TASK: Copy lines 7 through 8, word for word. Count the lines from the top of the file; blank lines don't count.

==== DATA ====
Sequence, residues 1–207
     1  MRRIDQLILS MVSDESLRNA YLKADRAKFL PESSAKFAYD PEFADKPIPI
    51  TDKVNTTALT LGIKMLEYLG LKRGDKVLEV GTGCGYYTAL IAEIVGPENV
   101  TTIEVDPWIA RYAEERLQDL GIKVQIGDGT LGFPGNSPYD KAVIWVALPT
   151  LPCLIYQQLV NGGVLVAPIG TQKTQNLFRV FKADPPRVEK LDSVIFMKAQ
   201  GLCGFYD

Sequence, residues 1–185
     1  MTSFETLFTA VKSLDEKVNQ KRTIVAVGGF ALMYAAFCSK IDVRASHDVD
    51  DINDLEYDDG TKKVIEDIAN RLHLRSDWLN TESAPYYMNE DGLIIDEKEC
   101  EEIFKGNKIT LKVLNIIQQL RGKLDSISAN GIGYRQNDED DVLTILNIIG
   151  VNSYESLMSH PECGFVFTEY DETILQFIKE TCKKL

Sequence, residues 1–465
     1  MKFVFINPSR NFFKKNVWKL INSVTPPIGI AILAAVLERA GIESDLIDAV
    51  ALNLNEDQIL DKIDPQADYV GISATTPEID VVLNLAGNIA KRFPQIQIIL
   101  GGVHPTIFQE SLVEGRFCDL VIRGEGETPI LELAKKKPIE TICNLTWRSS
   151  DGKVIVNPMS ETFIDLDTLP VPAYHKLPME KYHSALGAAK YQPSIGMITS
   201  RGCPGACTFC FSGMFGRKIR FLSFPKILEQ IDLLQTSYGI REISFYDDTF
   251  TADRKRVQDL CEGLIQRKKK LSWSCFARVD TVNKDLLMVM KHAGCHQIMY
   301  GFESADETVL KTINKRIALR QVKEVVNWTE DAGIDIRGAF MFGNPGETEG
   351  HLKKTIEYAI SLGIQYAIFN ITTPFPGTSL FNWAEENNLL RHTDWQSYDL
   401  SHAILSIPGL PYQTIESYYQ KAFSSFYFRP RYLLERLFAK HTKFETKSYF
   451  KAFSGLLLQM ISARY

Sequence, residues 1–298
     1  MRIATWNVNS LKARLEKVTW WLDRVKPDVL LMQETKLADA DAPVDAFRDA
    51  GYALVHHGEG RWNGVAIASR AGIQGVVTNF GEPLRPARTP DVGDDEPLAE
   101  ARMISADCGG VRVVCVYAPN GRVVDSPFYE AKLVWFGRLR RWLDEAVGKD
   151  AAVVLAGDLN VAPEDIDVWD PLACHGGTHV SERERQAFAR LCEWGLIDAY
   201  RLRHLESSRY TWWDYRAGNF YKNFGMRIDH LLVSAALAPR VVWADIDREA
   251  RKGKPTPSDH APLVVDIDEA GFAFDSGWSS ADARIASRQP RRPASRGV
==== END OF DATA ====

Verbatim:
Sequence, residues 1–185
     1  MTSFETLFTA VKSLDEKVNQ KRTIVAVGGF ALMYAAFCSK IDVRASHDVD